Preston Kills isn’t a man happy with his lot. There’s that name for a start, and his over-achieving police detective brother, and his lifelong lack of confidence, and those damn super powers haven’t helped. Yeah, Preston has them, but as far as he’s concerned he drew the shortest straw there is. Coming into contact with dead people’s skin enables him to tap into some reservoir of residual surviving memory to see how they died. It’s as squirm inducing as it sounds.

It turns out he’s not the only person with odd powers, and there appears to be a link. This is being investigated by Mickey Rinaldi, representing herself as an FBI agent, tracking people with super powers who contact a website she operates. She’s aware that there’s another level to the occurrences, and drags Preston along for the ride.

When 21 Down was published in 2003 there was no great market for crime thrillers, making it very much a fish out of water. Jimmy Palmiotti was primarily known as an inker, and Justin Gray was virtually unknown. Since then they’ve become an accomplished scripting team, so it’s odd that they’ve never returned to 21 Down. The genre has boomed, the concept is good, and the characters work. They’re unfurled slowly over the book, the layers scraped back, and there’s a killer final page setting up a sequel.

Issues of trust and power, and the abuse of both gradually seep into the foreground as Preston and his brother work on following a trail of corpses, and despite the involvement of super powers this is very much a crime thriller. The powers are more window dressing, although integral to the plot. Not everything works, although in some cases this is because a sequel appears to have been planned, yet all these years later a couple of sub-plots have been left hanging.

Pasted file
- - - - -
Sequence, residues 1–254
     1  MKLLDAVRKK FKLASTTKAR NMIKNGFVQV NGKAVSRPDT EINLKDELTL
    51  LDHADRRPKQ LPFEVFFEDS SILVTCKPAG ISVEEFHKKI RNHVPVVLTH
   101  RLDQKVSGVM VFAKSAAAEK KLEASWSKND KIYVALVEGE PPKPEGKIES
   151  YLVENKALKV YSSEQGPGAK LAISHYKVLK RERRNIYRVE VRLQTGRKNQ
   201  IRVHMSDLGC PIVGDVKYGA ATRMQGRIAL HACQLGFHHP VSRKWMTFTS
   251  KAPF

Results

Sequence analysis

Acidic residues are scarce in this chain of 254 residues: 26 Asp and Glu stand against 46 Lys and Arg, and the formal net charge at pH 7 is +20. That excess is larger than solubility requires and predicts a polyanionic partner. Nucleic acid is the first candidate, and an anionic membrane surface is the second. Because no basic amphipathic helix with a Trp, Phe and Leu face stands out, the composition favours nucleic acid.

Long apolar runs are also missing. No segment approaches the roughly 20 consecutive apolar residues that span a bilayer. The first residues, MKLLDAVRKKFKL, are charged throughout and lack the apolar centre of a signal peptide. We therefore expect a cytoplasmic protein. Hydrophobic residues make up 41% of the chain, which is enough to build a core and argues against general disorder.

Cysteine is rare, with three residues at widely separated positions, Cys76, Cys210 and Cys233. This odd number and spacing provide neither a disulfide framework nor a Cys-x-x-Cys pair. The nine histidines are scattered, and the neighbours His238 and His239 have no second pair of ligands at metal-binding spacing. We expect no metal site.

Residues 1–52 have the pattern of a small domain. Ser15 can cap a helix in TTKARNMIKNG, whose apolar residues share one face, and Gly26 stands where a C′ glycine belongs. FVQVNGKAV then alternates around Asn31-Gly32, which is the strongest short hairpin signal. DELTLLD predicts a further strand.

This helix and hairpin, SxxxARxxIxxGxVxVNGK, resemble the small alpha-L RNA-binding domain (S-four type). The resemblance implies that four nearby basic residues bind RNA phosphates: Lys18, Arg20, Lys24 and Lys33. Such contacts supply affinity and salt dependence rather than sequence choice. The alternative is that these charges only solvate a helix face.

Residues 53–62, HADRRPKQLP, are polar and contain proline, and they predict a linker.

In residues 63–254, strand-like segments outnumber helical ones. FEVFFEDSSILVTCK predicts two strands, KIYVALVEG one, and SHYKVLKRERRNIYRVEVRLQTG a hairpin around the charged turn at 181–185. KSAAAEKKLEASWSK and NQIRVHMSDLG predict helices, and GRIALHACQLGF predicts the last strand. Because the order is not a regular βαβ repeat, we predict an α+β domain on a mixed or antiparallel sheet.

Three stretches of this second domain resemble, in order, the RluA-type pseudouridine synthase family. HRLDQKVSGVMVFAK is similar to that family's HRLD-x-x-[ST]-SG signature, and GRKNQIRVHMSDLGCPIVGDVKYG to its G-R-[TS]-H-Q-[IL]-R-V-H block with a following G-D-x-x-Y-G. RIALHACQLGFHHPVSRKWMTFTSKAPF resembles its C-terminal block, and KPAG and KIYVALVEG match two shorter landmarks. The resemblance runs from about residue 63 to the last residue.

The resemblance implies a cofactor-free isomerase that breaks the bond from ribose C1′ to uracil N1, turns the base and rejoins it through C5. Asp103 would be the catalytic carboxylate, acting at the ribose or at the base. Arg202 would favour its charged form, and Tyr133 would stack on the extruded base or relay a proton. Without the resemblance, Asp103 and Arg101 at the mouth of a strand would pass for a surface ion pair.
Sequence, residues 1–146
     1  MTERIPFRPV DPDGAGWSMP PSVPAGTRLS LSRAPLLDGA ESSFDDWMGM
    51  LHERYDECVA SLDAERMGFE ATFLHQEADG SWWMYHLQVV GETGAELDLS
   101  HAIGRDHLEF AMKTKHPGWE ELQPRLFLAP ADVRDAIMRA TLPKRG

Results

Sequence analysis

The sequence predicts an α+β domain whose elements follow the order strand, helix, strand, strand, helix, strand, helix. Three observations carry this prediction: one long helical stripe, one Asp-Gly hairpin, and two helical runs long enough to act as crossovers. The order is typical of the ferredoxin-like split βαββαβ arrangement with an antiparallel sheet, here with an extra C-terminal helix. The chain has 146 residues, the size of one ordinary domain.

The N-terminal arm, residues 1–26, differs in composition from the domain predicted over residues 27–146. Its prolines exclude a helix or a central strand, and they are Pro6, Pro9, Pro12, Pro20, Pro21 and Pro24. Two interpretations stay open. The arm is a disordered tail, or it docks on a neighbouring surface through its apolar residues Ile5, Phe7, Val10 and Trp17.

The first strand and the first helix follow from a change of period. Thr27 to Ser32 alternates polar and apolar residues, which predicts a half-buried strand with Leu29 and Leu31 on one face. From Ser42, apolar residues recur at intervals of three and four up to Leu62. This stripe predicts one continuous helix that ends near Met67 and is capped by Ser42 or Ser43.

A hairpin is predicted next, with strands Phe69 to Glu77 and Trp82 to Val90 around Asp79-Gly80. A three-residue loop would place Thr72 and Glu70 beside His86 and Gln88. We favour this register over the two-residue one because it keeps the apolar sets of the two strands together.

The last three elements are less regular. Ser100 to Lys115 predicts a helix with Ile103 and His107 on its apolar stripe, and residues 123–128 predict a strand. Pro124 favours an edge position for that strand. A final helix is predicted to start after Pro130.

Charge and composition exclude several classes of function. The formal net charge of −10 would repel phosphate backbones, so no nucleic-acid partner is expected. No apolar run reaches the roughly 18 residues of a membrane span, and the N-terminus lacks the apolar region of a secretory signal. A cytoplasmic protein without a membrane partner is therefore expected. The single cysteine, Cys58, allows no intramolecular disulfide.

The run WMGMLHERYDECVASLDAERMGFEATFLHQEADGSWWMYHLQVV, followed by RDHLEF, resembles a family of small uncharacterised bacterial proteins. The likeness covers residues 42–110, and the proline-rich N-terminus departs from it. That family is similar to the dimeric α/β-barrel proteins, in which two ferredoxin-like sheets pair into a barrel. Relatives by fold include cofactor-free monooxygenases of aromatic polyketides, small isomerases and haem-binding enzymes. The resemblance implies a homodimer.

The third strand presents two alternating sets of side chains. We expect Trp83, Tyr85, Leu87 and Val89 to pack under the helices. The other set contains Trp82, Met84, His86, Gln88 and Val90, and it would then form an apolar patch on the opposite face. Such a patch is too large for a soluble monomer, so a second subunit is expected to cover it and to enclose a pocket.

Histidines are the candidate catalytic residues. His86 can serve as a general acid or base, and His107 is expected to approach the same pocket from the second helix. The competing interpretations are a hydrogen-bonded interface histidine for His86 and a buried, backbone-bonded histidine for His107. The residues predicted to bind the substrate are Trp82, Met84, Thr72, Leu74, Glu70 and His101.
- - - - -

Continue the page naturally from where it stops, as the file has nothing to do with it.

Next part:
There are pros and cons to the pages illustrated by Jesus Saiz. His designs are fine, his pacing instinctive, and he’s good with naturalistic figurework. His emotional characterisation, though, is diminished by a tendency to supply blank expressions and he falls down when depicting age. It’s highlighted in the dialogue that Preston is youthful and Mickey a woman with a fair working life behind her, yet you’d not know this was the case without the script.

There’s a lot to enjoy in 21 Down, and it deserves better than sinking into obscurity.